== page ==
How the Philippine Gov. Measure Its Gdp and Gnp
Topics: Gross domestic product, Economics, Philippines / Pages: 6 (1478 words) / Published: Jul 24th, 2008

GDP and GNP as economic indicators

Gross Domestic Product (GDP) and Gross National Product (GNP) are key figures in accessing the status of a country’s economy. These numbers are also used to gauge the competency of the administration in steering the economic wheels of the country.

By definition:

Gross Domestic Product (GDP) is the total market value of a country’s output. It is the market value of all final goods and services produced within a given period of time by factors of production within a country.

Gross National Product (GNP) is the total market value of all final goods and services produced within a given period by factors of production owned by a country’s citizens, regardless of where the output is produced.


The gross national product (GNP) is defined as the total value of income earned by residents of a country regardless of where the income came from. GDP, on the other hand, is the total value of production realized by resident producers in an economic territory. In its simplest terms, GDP is the value of goods and services made in the Philippines while GNP is the value of goods and services made by Filipinos.

Vital to understanding these economic concepts is to look at the scope by which economic territory and residency are defined. For instance, the GDP measures output of economic activities within the economic territory of a country. There are areas inside the geographic jurisdiction of the country that are not part of the economic territory such as foreign embassies and offices like the Asian Development Bank (ADB) and the United Nations. At the same time, there are areas outside the country’s geographic territory that are part of its economic territory like the Philippine embassies located abroad.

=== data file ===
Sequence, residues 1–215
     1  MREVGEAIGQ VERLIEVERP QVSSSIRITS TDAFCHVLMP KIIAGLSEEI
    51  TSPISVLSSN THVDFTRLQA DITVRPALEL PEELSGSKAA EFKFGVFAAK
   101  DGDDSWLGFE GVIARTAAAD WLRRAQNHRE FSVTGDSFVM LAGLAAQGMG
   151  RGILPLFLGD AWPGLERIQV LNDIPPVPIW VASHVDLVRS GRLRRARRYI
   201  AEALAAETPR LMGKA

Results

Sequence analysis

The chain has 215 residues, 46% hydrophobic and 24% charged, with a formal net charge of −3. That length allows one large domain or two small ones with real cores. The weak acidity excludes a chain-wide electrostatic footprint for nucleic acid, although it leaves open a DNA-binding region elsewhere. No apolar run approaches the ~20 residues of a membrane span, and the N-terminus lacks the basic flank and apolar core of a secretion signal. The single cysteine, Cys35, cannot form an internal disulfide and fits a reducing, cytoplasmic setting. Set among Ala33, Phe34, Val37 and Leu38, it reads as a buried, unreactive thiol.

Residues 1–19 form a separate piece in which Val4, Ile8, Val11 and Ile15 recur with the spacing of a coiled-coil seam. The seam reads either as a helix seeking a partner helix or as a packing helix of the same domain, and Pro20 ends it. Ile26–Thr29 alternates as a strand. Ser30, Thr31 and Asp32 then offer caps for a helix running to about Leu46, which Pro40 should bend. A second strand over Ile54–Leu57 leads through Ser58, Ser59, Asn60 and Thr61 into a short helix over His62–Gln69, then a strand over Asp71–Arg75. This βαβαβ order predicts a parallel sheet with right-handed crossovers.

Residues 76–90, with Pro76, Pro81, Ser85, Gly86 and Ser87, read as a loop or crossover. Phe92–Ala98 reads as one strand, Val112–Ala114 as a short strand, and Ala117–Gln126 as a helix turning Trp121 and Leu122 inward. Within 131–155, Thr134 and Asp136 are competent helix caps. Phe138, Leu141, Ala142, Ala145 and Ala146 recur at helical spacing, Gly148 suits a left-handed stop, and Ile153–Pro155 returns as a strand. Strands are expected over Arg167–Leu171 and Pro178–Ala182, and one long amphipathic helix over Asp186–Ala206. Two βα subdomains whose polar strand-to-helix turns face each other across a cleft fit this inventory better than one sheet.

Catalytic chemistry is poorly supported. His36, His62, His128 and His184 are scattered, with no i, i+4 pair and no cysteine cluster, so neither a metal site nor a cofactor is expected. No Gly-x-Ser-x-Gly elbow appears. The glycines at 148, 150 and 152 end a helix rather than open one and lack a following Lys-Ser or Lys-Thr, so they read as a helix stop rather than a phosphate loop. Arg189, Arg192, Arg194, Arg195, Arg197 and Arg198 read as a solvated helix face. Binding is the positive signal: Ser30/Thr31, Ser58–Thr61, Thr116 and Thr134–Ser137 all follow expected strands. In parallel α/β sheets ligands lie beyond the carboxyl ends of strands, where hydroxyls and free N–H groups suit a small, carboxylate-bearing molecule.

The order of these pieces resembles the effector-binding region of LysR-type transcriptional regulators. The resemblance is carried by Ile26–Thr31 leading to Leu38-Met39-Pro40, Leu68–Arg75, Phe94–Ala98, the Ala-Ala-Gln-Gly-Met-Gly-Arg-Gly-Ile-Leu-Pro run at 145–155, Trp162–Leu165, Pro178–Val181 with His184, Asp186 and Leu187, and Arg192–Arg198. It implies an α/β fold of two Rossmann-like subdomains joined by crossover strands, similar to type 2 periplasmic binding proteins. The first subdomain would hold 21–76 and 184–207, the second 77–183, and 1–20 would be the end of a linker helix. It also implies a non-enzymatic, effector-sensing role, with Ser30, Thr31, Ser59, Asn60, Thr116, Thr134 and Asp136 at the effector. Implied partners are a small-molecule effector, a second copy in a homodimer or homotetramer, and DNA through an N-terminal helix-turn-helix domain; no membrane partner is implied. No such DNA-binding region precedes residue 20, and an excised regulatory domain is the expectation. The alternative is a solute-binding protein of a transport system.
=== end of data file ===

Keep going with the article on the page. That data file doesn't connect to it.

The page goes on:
The GNP, on the other hand, measures the total income of Filipino residents from all locations. The concept of residency is not equated to nationality. Filipinos who have migrated abroad and became residents of foreign countries

References: Economic issue of the day, Vol. VI No.6 Philippine institute for developmental studies. Principles of Economics 8th Edition, Case+Fair. Pg.419

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